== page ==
Brian your’s was a poem to explain a poem…beautiful!!!
Very thoughtful lesson. Thanks Charles. I often hide behind my poetry so I’m not sure about this prompt but have always enjoyed others’ author notes.
smiles…i tend to hide behind my poetry as well at times…
Well I put my big girl pants on, went back and unmasked my latest poem.
Buddah Moskowitz (@ihatepoetry) said:
I try to write as plainly and simply as possible – I long to be understood, and to that end have a hard time finding any poems I wrote that need explanation.
Toward that end I sent up and oldie, from 1988, before some of you were born….
Old Man Moskowitz
A wonderful article Charles…your mind always leads me to pondering 🙂 Just wanted to swing by and issue a formal and slightly unpoetic welcome…and you never know…I just might find the time to offer up a little something….
Charles, it’s a wonderful article. I’m not sure I’m up to it in my present circumstances, traveling, but I’ll see.
I have tried at times to take a prose piece–and I really consider myself a prose writer, not a poet at all–and turn it into a poem.
This is a big issue for me actually–writing poetry at all! One reason why I’ve liked to work with forms so much, a bit of a crutch but also a “deciding factor” as it were.
Anyway, thanks for the piece, enjoyed the Dante, and will see what I can come up with. K.
Very interesting Charles … especially learning more about Dante … as I read the article, I kept thinking, ‘I’m sure I have at least one poem where I detailed state-of-mind’ after writing it … I hope that’s the sort of thing you might have been looking for …
Charles, I am having a helluva lot of trouble commenting on Word Press…..Just want to say that I appreciated this prompt, as I wrote something I woud not have otherwise. It needs work, revision. But it is the seed of something.
brian miller said:
thanks everyone that came by already…been on an emergency call since about 530…just getting in…will be around in a bit…
Oh no, B! Hope everything turns out okay.
Victoria C. Slotto said:
I think I screwed up with my first link (#10)….that was the poem for Open Link Night. So check out the one that says “This one!!!” Sorry.
It was a neat sestina, though, Victoria. I’ll read your new one in the morning when my brain is fresh.
Jody Lee Collins said:
Victoria–so glad you re-posted. “this one!!” painted such a vivid picture. Thank you for persisting.
g’nite folks, gotta rest 😉 but i’m in 😉
brian miller said:
on my way to bed as well…caught up through adan…and will check in tomorrow in the AM and see who has joined the party….
Jody Lee Collins said:
Chaz (may I call you Chaz?)–I guess overall I’m a pretty straightforward poetry person–more often than not I’m just using real words to paint feelings….(very poor explanation). Many, many of you lovely writers use such abstract words to paint a picture and when I finish I say, ‘wow!’ though I can’t tell you exactly what I read, and I always hope/wish someone would explain it to me (but then my ignorance would be showing).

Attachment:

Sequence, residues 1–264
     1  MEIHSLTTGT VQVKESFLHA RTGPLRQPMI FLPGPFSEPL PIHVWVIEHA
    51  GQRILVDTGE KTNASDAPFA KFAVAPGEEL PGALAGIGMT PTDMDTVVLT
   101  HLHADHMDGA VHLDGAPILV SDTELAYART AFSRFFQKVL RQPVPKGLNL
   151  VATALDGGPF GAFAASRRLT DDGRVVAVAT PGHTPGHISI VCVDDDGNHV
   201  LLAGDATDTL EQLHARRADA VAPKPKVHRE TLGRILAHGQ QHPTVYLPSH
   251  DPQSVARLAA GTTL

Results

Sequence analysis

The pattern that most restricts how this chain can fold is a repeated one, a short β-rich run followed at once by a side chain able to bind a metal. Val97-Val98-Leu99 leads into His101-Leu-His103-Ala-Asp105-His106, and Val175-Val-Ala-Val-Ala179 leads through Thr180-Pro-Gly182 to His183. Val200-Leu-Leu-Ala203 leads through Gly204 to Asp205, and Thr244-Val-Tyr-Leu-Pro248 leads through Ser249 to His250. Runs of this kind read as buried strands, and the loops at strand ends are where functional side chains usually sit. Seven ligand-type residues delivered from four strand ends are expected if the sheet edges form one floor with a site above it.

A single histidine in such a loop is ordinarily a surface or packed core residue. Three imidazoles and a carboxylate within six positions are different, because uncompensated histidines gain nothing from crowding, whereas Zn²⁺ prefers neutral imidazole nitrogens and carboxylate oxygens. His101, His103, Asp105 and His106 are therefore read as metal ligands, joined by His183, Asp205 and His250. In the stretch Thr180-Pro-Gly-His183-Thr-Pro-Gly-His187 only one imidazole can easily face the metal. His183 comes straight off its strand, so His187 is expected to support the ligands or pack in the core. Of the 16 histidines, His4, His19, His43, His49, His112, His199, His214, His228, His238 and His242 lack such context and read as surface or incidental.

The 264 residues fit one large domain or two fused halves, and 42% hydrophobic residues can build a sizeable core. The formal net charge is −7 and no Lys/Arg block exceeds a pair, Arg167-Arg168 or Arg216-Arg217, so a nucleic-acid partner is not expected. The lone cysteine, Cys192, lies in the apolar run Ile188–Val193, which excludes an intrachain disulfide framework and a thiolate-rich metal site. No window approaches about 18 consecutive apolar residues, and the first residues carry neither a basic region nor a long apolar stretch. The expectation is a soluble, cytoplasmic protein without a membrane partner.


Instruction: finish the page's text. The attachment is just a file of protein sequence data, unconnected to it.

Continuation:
I was glad to have a chance to share this time and do some ‘splainin’ first–the subject–September 11th–is a deep one.
Thanks to all at the Pub….I’m having the most fun ever with just drinking words!
Claudia Schoenfeld (@cmschoenfeld) said:
just wanted to say good morning… won’t manage to read now as i’m starting work early to get some urgent things done… so will be around in the evening…
Cressida de Nova said:
Thank you for this prompt Charles and well researched interesting ,article. It was timely in my case and the poem metaphorically fell straight into my lap. I have not given any process or background notes . I am unable to do this with certain topics. Anyhow the poem is self explanatory and I know ( because of your previous insightful comments on my work) you will definitely understand it.
hannah uk said:
Such an eye-opener and so beautifully constructed.
So timely as well, as for the past week, since I started having a go at writing poetry, I have been wondering about the relationship between writer and [supposed] audience.
I remember getting very irritated by T.S. Eliot when at school we had to struggle with a rather obscure poem about a river in Wales. It had something to do with a pub sign. Today I found out a bit more. For those interested, take a look HERE
Anna Montgomery said:
I have linked a post from October which may have gone too far in explicating but it was a new to me form that opened previously shut expressive doors. Thank you for the excellent article.
margo roby said:
Thank you dVerse for the weeks of pleasure your site has given me. Thank you Charles for the exercise. Thank you Yousei for pointing out this post meets the bar!
My post arises from a posting three weeks before where I asked my readers to discuss comments that didn’t match what they were commenting upon and whether that was important. The following week, I collated the responses and gave them a synthesis. The post here is a follow-on to show how I use comments as a critique medium.
My husband and I are latecomers:
Really great article here Charles. I haven’t stopped in two days. Great weather and I’m working around my house and have yardmen here with trees, etc. I haven’t been writing lately and while I really would like to have linked I couldn’t. Promise to next time. Think this was a great topic and one I’d like to pursue later when I can. Again welcome to the pub. We knew you’d bring your own unique voice. Thank you.